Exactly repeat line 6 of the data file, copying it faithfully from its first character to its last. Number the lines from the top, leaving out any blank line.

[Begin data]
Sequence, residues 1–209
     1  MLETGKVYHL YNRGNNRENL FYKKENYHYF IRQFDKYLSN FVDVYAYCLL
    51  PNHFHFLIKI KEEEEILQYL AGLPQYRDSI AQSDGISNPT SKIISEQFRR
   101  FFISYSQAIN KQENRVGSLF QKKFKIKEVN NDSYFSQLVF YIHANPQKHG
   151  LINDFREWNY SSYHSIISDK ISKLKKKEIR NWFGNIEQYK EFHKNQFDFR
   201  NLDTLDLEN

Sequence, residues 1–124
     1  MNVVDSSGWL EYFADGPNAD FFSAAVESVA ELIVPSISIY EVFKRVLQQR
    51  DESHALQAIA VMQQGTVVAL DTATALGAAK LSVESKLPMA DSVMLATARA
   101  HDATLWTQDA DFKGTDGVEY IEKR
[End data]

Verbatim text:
   201  NLDTLDLEN